Whenever a firm's average cost functions is U-shaped, its best response function has a "jump" in it, for the same reason that a competitive firm's supply function has a "jump" in it: the firm either wants to produce outputs close to its efficient scale of production or it wants to produce an output of zero, but it does not want to produce intermediate outputs (for which the average cost is high).

A firm's best output does not *necessarily* decrease as its rival's output increases. Such a relationship seems likely, though it is *possible* that for some increases in its rival's output, a firm wants to produce *more* output, not less.

and hence is a Nash equilibrium.y_{1}=b_{1}(y_{2}) andy_{2}=b_{2}(y_{1})

The best response functions are superimposed in the following figure.

We see that for this pair of best response functions there is a unique Nash equilibrium, indicated by the small purple disk. (In general, there may be more than one Nash equilibrium.)

Examples and exercises on Nash equilibrium of Cournot's model

and firm 2's outputP'(y_{1}* +y_{2}*)y_{1}* +P(y_{1}* +y_{2}*) = MC_{1}(y_{1}*),

In particular, unlessP'(y_{1}* +y_{2}*)y_{2}* +P(y_{1}* +y_{2}*) = MC_{2}(y_{2}*).

We conclude that the firms' outputs and the price are different in a Nash equilibrium than they are in a competitive equilibrium. If *P*'(*y*_{1}* + *y*_{2}*) < 0, as we should expect (the demand curve slopes down), price exceeds marginal cost, so that, as for a monopoly, the total output produced by the firms
is less than the competitive output.

An implication is that, as for a monopoly, the Nash equilibrium outcome in a Cournot duopoly is not Pareto efficient.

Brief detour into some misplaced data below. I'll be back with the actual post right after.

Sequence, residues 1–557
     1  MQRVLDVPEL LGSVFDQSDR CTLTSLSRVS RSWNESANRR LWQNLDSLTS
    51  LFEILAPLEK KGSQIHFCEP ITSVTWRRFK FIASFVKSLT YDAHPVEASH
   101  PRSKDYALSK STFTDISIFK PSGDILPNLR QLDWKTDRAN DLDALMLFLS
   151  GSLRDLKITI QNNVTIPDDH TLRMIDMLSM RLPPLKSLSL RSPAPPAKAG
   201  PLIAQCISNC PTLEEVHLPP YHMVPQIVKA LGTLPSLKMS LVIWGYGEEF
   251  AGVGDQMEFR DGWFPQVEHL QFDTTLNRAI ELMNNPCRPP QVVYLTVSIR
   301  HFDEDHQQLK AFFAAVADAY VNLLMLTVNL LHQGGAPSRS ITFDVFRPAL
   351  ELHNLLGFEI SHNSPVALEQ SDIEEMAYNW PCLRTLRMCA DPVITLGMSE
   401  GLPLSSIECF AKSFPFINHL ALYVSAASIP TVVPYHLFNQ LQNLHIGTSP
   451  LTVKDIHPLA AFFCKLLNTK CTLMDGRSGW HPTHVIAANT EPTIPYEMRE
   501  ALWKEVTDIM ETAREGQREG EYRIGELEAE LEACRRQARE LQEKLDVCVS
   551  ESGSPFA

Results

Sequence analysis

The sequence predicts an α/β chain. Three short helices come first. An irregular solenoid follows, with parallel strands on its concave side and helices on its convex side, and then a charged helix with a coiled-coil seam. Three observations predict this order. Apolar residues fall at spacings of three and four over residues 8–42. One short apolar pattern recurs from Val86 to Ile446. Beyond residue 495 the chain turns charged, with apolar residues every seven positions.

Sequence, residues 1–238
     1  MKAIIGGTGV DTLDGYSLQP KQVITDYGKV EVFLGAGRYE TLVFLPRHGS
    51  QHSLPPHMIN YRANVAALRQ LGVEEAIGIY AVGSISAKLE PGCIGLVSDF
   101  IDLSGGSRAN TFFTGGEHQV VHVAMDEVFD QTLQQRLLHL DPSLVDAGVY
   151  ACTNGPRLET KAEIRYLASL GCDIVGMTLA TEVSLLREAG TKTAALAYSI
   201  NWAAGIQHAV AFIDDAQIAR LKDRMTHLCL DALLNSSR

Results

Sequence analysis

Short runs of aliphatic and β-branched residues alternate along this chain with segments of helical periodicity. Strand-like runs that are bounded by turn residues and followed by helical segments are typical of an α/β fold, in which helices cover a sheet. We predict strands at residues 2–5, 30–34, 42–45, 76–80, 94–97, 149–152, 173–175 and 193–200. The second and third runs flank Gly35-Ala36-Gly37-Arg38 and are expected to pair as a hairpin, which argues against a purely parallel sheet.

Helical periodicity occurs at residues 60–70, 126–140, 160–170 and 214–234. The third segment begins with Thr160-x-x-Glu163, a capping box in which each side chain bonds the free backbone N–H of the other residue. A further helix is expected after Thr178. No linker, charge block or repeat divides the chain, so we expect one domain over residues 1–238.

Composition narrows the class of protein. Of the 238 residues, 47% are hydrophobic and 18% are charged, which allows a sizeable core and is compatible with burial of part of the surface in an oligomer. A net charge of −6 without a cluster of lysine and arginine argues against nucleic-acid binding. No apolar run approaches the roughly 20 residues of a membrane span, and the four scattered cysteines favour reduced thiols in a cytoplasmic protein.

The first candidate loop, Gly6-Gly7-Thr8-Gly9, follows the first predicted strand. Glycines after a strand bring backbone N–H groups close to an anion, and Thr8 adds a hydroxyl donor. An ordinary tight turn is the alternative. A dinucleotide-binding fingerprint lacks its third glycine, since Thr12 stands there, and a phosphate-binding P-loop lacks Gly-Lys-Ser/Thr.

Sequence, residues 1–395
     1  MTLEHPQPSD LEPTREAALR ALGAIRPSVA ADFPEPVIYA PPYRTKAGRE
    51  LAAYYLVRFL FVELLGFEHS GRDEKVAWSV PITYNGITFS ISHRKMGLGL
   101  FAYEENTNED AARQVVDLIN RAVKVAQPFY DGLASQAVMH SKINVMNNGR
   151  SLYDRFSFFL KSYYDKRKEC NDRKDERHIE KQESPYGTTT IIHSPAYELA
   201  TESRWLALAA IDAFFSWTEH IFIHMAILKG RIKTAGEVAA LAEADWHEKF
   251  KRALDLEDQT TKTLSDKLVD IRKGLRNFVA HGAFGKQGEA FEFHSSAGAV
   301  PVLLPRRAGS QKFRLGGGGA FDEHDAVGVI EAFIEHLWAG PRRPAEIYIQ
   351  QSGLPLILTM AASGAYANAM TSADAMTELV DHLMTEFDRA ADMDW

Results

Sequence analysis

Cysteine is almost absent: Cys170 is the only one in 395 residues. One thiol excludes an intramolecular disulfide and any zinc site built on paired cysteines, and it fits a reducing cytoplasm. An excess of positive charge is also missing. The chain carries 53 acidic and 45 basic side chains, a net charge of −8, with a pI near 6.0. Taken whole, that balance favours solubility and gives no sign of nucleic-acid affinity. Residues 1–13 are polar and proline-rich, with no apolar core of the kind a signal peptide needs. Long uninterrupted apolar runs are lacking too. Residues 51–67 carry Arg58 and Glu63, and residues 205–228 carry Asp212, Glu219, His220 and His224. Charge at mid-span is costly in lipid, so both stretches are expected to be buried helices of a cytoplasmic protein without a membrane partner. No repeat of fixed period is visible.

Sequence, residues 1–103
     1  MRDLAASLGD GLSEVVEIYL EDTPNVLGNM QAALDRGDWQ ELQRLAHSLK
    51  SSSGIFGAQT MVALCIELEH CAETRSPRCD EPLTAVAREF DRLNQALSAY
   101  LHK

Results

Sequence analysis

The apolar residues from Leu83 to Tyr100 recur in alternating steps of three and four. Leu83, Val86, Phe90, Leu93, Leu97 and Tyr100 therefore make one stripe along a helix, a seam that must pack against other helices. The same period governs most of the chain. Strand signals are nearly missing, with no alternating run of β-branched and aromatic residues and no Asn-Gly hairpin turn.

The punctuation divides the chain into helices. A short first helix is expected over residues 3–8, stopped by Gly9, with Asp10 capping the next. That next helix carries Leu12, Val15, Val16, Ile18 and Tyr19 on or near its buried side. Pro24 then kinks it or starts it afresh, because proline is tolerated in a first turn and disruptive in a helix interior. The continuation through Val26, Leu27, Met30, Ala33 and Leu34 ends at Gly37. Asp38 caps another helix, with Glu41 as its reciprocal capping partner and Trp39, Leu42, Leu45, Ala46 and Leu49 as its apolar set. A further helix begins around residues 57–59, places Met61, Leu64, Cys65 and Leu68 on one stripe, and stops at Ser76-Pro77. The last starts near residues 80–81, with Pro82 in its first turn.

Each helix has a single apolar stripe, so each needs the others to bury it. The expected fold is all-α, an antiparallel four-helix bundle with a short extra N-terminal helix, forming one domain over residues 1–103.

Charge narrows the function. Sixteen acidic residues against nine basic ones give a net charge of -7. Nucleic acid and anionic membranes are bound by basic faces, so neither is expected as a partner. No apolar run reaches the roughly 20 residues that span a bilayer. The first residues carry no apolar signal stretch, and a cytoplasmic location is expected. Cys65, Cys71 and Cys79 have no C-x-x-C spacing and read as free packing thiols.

In the equilibrium, firm 1's profit is maximal, given firm 2's output *y*_{2}*. Further, for smaller outputs of firm 2, firm 1's maximal profit is higher (when firm 2 produces less, more of the market is left over for firm 2). In fact, for any given output *y*_{2} <
*y*_{2}* of firm 2, there is a range of outputs close to *y*_{1}* for which firm 1's profit exceeds its equilibrium profit. Thus firm 1's isoprofit curve corresponding to the profit it makes in an equilibrium has the shape of the red curve in the following figure.

The pink shaded area in this figure is the set of pairs (*y*_{1}, *y*_{2}) of outputs that yield firm 1 *more* profit than does the equilibrium (*y*_{1}*, *y*_{2}*). (Firm 1 is better off, given output
*y*_{1}, the *lower* is firm 2's output---since as firm 2's output decreases, the price increases.)

Now consider the analogous isoprofit curve for firm 2: the set of all pairs (*y*_{1}, *y*_{2}) of outputs that yield firm 2 the same profit as it obtains in the equilibrium. This curve is shown in the following figure.

If we put the two curves in the same figure we obtain the following figure.

The lens-shaped area shaded brown is the set of pairs (*y*_{1}, *y*_{2}) of outputs for which **both** firms' profits are higher than they are in equilibrium. So long as the isoprofit curves are smooth, this area always exists. That is:

The pair of Nash equilibrium outputs for the firms in Cournot's model does not maximize the firms' total profit. In particular, the total output of the firms in a Nash equilibrium is different from the monopoly output.

Copyright © 1997 by Martin J. Osborne